• Walk out
  • Deny everything
  • Become violent
  • Cry uncontrollably
  • Make threats
  • Say hurtful things
  • Refuse treatment

Since drug and alcohol interventions can be highly charged situations, practicing speaking in front of the group and anticipating possible objections is crucial. Without rehearsals, it’s easy for the intervention to spiral out of control. Try to aim for at least two rehearsals prior to the intervention, but feel free to have as many as needed to in order for you to feel comfortable and prepared for the real thing.

  1. Decide on time/place

Choosing a place to stage the intervention takes some consideration. For some people, it’s best to do it in an environment where the individual battling addiction feels safe and comfortable, like a loved one’s home. For others, it may be more effective to hold the intervention in a more formal, neutral setting such as a conference room, church, or therapist’s office. If you’re working with an addiction specialist, he or she can offer advice as to which setting will be best for your specific circumstances.

In addition to choosing a time where everyone in the group can be in attendance, it’s also important to consider a time where the addicted individual is most likely to not be under the influence of drugs or alcohol. Being drunk or high can impair the person’s judgment, mood, and behavior, making them less receptive to the message and more likely to say hurtful things or engage in violence.

  1. Stage the intervention

On the day of the intervention, the person struggling with addiction should be invited to the agreed upon location without being told what’s going on. If they are informed that they’re going to a drug or alcohol intervention, they may choose not to come. Invite them in a way that feels truthful and organic. It doesn’t need to be anything out of the ordinary. You may ask them to your house for dinner or say you’re going to spend time with family.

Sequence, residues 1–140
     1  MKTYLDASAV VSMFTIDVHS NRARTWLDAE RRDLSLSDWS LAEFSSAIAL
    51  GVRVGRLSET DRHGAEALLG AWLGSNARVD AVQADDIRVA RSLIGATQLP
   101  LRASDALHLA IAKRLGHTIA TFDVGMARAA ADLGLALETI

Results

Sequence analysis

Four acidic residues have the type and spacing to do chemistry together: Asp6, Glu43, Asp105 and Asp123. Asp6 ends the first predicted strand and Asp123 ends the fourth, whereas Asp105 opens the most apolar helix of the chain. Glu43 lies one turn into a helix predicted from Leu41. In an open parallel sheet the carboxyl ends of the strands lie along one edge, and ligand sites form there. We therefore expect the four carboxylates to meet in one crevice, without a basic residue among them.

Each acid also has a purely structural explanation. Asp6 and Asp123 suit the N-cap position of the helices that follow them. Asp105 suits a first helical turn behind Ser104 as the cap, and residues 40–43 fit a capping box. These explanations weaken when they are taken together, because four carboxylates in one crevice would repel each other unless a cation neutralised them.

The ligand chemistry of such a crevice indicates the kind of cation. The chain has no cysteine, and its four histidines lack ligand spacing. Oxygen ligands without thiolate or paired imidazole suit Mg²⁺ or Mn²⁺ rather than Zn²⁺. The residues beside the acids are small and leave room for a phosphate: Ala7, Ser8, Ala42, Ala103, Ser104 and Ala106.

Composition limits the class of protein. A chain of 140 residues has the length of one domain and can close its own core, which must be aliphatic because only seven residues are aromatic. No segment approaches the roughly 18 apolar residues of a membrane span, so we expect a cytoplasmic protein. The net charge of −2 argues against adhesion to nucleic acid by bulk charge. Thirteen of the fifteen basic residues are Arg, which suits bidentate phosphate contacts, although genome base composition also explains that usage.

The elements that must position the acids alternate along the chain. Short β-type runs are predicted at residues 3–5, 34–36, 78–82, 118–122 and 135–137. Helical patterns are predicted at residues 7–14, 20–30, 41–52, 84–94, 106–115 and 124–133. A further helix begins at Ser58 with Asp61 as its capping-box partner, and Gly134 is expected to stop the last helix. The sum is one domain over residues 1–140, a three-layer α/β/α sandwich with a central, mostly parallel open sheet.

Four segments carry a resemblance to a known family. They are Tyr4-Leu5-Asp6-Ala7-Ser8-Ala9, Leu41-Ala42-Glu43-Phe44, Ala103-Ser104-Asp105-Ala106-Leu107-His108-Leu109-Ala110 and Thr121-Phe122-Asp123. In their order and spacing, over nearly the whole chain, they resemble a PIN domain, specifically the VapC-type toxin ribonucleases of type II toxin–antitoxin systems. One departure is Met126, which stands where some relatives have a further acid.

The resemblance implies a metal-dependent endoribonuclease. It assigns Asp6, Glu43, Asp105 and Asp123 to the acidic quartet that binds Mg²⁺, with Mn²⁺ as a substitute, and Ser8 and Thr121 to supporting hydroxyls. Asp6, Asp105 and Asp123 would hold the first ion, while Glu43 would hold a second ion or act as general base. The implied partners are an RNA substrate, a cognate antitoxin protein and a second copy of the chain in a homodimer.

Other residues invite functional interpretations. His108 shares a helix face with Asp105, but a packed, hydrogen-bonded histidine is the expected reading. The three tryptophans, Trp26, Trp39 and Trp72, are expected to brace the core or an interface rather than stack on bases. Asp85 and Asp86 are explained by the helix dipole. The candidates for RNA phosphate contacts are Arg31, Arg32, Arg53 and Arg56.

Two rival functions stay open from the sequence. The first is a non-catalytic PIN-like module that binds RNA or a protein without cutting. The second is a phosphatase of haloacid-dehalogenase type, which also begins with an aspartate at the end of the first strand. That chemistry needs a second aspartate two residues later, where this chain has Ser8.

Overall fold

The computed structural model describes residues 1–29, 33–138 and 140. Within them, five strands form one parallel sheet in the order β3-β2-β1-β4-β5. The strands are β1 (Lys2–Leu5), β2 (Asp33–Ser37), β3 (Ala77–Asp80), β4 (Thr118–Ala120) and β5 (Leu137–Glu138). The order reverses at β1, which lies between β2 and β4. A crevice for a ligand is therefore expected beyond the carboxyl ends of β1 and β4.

When your loved one arrives at the intervention site, all members of the group should already be there. Once inside, the person is then informed that this is an intervention and that everyone has something they want to say. As rehearsed, each member of the team shares their statement and finally presents the individual with a treatment option. Everyone will also say what actions they will take if the addicted person refuses treatment. Once again, only present consequences that you’re willing to follow through on.

  1. Follow-Up

Whether your loved one agrees to treatment or refuses help, there are actions to be taken once the intervention is complete. If the addict refuses treatment at this time, the next step is to enforce the consequences you’ve already disclosed to them. Even though this may be emotionally challenging for everyone, it will show your loved one that you are serious about them getting treatment and help them make the connection that their behavior has consequences.

If the person struggling with addiction agrees to seek help, he or she should be taken directly from the drug or alcohol intervention to treatment. Ideally, all arrangements for this will be made in advance in preparation for this outcome. Once your loved one is in treatment, friends and family should work to create a safe, supportive environment for the person to return to. This is incredibly important. You may need to recognize what patterns or behaviors are triggering for the individual, make changes if necessary, and educate yourself on what to do in the event of a relapse. Friends and family may also be involved in the treatment process through individual or group counseling sessions. Don’t be afraid to seek your own recovery support, as well—it is just as important for loved ones of addicts to heal the wounds that addiction may have caused.